12 12 PRTG Network Monitor 7 - User Manual Please click Next to walk through the wizard. After accepting the license agreement you can choose the folder you wish to install the software in. Afterwards you will see the following installation options:
13 Installation 13 Simply accepting the suggested settings should be perfectly fine for a typical installation. Please note: If you only want to install a remote probe please choose the respective radio box (see Multiple Probes and Remote Probes). If you plan to import data from a predecessor program (PRTG 6 or IPCheck 5) you must enable the checkbox for the Import Tool (see Importing Data from PRTG 6 or IPCheck 5). As soon as you click Next the necessary files will be copied to your disk and a dialog asking for your license type will appear.
14 14 PRTG Network Monitor 7 - User Manual Please select the proper option and enter the necessary data. Afterwards you will see a dialog with some base settings:
15 Installation 15 Usually the only edit field that you need to look at is the Address field. Please enter your address here. You may also want to review and edit the following settings: Optionally you can provide a Login Name and Password of your choice (the default is username prtgadmin and password prtgadmin ). Selecting a private password is especially important if you plan to make your PRTG website available on the Internet. Please review the Web Server IPs and Web Server Ports settings. In most cases the default values should be fine. Optionally you can enter a custom Site Name for your PRTG website (e.g. My Company Monitoring ). Please click Next one more time and the finish the installation. When the installation is complete the computer may ask you to restart the machine to properly complete the installation. Although you can choose to reboot later it is strongly recommended to reboot the machine right away to fully complete the installation!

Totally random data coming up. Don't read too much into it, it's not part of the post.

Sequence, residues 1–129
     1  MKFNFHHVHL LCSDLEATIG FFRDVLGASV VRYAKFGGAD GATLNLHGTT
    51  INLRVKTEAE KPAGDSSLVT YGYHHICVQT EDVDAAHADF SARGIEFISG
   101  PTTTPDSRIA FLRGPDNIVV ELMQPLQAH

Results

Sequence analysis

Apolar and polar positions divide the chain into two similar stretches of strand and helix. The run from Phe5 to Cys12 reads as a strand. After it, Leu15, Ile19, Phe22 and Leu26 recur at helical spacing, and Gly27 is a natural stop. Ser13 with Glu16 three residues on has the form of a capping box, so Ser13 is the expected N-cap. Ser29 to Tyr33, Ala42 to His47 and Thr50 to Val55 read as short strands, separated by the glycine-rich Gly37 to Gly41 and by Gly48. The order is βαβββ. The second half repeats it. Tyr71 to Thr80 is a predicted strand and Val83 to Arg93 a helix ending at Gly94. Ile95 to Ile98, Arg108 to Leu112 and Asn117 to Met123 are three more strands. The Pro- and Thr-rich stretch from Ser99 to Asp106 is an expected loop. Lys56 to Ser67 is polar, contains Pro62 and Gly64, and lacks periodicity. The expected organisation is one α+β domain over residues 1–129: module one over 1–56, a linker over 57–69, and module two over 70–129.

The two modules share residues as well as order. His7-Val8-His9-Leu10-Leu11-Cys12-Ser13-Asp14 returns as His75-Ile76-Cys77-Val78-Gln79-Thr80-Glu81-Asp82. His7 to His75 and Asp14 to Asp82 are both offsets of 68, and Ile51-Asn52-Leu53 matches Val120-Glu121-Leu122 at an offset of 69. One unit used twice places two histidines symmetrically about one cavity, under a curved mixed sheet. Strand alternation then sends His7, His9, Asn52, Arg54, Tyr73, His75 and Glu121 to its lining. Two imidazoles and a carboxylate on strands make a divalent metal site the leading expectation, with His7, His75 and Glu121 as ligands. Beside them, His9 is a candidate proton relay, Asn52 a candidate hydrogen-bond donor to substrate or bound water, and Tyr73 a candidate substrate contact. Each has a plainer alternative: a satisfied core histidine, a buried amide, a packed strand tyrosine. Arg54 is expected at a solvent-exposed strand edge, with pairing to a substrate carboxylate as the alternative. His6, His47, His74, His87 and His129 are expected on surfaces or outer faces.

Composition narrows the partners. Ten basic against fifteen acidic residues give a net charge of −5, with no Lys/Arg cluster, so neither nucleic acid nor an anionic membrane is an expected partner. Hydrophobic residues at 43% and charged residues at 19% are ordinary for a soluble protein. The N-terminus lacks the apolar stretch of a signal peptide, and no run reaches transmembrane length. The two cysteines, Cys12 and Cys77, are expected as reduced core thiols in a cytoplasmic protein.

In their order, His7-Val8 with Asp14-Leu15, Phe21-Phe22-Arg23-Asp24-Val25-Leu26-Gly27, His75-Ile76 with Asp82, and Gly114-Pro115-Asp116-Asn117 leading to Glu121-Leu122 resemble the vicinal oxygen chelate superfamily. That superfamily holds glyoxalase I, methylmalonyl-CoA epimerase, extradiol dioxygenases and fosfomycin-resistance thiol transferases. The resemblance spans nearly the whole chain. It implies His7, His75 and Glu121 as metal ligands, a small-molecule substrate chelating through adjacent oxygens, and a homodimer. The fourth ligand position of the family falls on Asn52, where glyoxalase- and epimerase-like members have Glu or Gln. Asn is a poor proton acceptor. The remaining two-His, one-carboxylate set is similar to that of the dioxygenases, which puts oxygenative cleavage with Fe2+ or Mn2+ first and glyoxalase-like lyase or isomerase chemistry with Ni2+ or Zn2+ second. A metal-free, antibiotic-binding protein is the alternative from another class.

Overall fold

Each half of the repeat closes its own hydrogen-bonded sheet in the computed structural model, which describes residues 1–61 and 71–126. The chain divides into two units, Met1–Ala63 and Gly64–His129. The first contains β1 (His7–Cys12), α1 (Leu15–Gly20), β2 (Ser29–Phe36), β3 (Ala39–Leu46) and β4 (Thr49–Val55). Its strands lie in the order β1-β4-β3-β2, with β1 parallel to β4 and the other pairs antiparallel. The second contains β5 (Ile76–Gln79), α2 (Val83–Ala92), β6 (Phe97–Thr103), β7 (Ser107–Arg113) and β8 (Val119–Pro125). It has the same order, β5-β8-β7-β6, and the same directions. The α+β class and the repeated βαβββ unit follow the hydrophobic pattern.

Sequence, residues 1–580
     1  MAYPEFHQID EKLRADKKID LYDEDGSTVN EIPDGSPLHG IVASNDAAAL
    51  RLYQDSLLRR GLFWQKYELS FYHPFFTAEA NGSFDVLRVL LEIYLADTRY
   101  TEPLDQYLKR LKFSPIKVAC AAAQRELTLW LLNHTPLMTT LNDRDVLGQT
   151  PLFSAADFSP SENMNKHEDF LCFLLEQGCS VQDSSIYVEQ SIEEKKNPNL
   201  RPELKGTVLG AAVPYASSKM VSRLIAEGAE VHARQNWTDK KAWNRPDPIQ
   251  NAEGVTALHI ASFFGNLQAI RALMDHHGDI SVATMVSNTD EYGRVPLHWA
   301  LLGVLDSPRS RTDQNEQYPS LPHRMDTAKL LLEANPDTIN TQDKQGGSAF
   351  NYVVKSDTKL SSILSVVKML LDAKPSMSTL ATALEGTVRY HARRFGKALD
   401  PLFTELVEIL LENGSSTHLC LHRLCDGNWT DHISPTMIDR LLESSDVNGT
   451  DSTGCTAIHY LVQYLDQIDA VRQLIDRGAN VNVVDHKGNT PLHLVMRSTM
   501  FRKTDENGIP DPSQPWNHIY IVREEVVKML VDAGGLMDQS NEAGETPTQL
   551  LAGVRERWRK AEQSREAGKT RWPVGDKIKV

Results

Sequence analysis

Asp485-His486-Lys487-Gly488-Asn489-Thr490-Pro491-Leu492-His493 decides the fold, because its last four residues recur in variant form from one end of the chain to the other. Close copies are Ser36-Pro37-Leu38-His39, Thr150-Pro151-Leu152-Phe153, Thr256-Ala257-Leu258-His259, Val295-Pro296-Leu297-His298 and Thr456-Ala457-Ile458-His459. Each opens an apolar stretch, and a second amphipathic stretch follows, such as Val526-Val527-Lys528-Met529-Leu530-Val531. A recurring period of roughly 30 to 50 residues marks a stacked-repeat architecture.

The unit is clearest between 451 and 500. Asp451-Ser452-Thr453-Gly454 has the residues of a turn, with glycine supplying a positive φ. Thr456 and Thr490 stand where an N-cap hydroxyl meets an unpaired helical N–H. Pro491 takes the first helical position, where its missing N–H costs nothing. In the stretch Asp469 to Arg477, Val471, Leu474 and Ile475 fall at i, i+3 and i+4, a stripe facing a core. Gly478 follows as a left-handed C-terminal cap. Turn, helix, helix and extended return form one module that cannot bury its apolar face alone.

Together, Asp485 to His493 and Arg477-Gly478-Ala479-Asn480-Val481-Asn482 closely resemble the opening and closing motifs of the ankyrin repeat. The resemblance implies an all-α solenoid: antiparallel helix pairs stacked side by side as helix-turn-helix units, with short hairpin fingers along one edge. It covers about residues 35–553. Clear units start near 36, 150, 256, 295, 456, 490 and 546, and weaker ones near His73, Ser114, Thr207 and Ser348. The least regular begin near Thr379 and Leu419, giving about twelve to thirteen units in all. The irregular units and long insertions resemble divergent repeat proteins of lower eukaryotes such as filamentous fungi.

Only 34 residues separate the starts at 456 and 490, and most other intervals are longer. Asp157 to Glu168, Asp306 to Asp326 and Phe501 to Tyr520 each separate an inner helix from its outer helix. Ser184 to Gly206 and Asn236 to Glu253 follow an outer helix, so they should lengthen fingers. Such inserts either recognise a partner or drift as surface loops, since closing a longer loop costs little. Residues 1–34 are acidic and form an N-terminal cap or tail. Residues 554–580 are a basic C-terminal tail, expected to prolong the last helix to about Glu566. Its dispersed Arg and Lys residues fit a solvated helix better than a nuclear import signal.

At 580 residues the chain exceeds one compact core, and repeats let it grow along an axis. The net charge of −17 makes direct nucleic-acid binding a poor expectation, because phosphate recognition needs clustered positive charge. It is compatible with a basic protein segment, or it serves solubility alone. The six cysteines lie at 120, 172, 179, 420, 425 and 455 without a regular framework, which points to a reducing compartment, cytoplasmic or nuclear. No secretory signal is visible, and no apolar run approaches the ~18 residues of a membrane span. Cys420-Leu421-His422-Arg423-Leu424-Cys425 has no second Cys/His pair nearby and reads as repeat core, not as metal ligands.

16 16 PRTG Network Monitor 7 - User Manual That's it. You can now work with PRTG! 3.4 Uninstallation To uninstall PRTG Network Monitor: Select the Add/Remove Programs option from the computer s Control Panel. Select PRTG Network Monitor from the list of programs. Click the Remove button to uninstall the program. Or select the Uninstall PRTG Network Monitor icon from the PRTG Network Monitor group in the Start Programs menu. Note: During uninstallation your monitoring data will not be removed automatically! After the completion of the uninstallation process of the software please check the PRTG Network Monitor installation folder and delete all remaining files that you do not want to keep. Also, please check the \Documents and Settings\All Users\Application Data\Paesser\PRTG Network Monitor\V7 (Windows XP) folder for remaining data files which are also not automatically removed!
17 Part IV Basic Concepts of PRTG Network Monitor